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The anglers on the "Reel-Lentless" came back to Bodega Bay empty-handed Thursday, though not for a lack of bites.

Bob Monckton, the charter boat's captain, said the day-trippers pulled in multiple "shakers" — smaller salmon that had to be released. On the previous Sunday, though, Monckton took out a group where everyone caught their two-fish limit.

Nobody pays to catch shakers, but Monckton said the range of size and ages of the fish on the two days bodes well, showing a healthy, diverse population of salmon early in the year.

"All signs are there that this should be a good season," he said.

Many in Bodega Bay hope so, guarding their optimism that this is the end to three disastrous years for the local salmon industry, an economic punch that has been felt across the small coastal town.

On Wednesday, fishermen's hopes got their strongest official validation yet, as regulators signed off on a May 1 start to the first commercial salmon season of any length since 2007. The recreational season began April 2.

"I see more movement on the docks now that we know we have a salmon season than I've probably seen in three years," said Peter Doyle, working on the hydraulics of his boat "Supreme," a 48-foot troller. "But everybody is a little cautious."

The waters were rough for most of the week because of high winds. But by Friday evening, Vince Orsini, skipper of the Miss Anita charter boat in Bodega Bay, had returned for the third time with his limit since last Sunday.

There's plenty to be wary of, fishermen say. Even as officials expect 730,000 salmon to return to the Sacramento River system this fall, six times the numbers estimated last year, there's no certainty until the salmon are caught.

But at least they'll have a chance to try. In 2008 and 2009, officials halted local ocean salmon fishing because of the precipitous drop in salmon returns.

Salmon boats went out to sea last year, but with paltry results. Regulators approved just an eight-day commercial season that was effectively halved by high winds that kept boats in port. With less than a week to fish, Bodega Bay's commercial fishermen landed just $61,360 worth of salmon, according to preliminary numbers from the California Department of Fish and Game.

Sports fishermen had fewer restrictions, but they too met with frustration caused by low salmon counts. Charter boats brought 865 salmon to dock in 2010, less than half the 1,969 they landed in 2007, according to preliminary state numbers.

The shrinking numbers sent waves across town, starting with Spud Point Marina, Bodega Bay's largest dock. Last year, it sold $6,902 worth of ice, compared with $42,337 two years earlier.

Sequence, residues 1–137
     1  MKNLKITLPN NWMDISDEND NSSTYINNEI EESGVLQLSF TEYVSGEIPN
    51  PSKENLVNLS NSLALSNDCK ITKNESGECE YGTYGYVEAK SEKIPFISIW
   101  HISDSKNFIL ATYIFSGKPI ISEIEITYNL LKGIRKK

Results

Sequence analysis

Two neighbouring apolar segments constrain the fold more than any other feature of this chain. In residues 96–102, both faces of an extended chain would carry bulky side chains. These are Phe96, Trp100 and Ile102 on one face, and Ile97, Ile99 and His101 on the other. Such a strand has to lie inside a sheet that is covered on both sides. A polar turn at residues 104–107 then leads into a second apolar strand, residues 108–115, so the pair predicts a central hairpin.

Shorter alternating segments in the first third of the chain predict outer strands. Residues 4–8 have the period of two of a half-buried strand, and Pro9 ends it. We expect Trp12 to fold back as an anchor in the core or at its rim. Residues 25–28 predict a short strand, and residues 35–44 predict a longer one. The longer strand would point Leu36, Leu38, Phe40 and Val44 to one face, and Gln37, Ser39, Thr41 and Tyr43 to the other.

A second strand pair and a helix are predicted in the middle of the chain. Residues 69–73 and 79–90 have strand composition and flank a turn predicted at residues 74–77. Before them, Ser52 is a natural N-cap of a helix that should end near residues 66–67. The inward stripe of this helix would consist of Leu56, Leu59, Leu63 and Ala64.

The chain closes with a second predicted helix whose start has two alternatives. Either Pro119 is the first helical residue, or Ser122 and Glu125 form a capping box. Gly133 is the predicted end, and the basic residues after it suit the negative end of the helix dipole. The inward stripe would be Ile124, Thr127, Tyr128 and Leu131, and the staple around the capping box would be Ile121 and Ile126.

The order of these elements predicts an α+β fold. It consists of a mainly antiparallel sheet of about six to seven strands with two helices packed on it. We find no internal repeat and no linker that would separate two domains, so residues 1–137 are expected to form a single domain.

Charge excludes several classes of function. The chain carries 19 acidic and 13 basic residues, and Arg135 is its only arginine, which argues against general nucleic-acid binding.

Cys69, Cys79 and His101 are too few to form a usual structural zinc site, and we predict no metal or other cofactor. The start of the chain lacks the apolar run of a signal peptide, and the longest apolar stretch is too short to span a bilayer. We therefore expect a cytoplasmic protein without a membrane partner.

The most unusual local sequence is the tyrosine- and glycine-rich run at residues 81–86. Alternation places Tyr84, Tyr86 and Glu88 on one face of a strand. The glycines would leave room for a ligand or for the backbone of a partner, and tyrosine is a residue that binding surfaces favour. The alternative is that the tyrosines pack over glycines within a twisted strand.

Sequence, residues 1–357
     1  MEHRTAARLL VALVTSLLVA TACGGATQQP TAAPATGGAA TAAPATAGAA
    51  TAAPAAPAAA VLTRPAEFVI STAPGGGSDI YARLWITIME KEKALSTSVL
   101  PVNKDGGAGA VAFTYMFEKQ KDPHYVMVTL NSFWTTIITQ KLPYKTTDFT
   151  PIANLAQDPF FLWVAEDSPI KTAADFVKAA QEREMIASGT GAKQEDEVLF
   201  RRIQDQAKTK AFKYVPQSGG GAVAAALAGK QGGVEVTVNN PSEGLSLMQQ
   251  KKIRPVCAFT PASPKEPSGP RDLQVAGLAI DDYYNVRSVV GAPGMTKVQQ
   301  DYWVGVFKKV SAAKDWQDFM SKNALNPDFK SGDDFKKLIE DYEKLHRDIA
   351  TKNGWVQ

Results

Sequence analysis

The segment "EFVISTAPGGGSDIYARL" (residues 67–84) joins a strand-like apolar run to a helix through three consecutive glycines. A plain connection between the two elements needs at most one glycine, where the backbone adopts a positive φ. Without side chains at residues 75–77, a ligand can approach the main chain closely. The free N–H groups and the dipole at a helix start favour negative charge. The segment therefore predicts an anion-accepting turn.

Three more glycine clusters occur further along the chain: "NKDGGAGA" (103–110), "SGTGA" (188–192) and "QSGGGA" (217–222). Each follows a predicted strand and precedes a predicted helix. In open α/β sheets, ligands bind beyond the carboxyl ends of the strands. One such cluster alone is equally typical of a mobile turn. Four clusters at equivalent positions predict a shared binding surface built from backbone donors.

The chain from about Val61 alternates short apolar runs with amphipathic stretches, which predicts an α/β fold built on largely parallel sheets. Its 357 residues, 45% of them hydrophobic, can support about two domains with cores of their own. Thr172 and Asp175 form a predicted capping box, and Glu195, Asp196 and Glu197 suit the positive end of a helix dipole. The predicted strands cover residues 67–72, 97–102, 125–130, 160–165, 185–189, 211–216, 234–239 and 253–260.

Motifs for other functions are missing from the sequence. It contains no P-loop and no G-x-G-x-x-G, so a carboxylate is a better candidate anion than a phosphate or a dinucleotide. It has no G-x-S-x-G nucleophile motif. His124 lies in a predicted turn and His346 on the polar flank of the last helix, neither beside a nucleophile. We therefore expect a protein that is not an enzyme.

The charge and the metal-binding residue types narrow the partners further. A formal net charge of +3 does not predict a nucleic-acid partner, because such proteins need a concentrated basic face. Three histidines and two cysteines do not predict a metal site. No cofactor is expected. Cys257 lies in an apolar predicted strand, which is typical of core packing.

Fuel and berthing sales dried up, too, during that period. The marina sold about $514,690 in fuel and oil through mid-2010, less than half of the $1.1 million through mid-2008. Berthing revenues, meanwhile, dropped 30 percent over the two years.

"I went from a waiting list approximately three years long to having no waiting list at all," said Noah Wagner, marina supervisor. "Once the salmon closure came, people started pulling their boats and putting them in their driveways and their backyards."

The economic consequences of the salmon collapse didn't stop at the docks. Anthony Delima, assistant manager of wholesale seafood at The Tides Wharf, which overlooks Bodega Bay, said his operation had to cut hours and lay people off during the lean years.

"We're just scratching by," he said. "It made it real hard."

Fewer fishermen loading up on coffee, sandwiches and snacks also forced her store to move its opening from 6 to 7 a.m., said Natalie Douglas, manager of Pelican Plaza Grocery and Deli on Highway 1.

"It totally affected our business," she said, adding she's not ready to get too excited by the buzz about this salmon season. "We're hopeful, but it's too early to tell."

A stellar crab season already has eased the financial pressure for many fishermen, some of whom leaned on federal disaster assistance to make ends meet over the past three years.

Bodega Bay boats brought in more than 4.2 million pounds of crabs in November and December, more than in any full year in the previous decade.

But not every fisherman crabs and even those who do need more than a single season to make a decent living, said Chuck Cappotto, president of the Bodega Bay Fishermen's Marketing Association.

"You have to be able to string together several good seasons to make up for the several bad ones we've had," he said. "It's going to take awhile before everybody is back in the black, I would think."

He's hoping for more than just a bigger bounty out of the season. He's looking for a future to the graying industry. The average age of a captain in the Bodega Bay fleet is around 60, estimates Cappotto, who is six years older than that.

There's been little to make young people consider fishing as a viable way of life, he said, which in turn affects older fishermen wanting to sell their boats.

"The reality is that for a lot of these people, the boat is their retirement," he said. "Traditionally you sell your boat to someone younger and move on."

A good salmon season coming after the record crab haul of this past winter could help bring in new blood and restore that cycle, he said.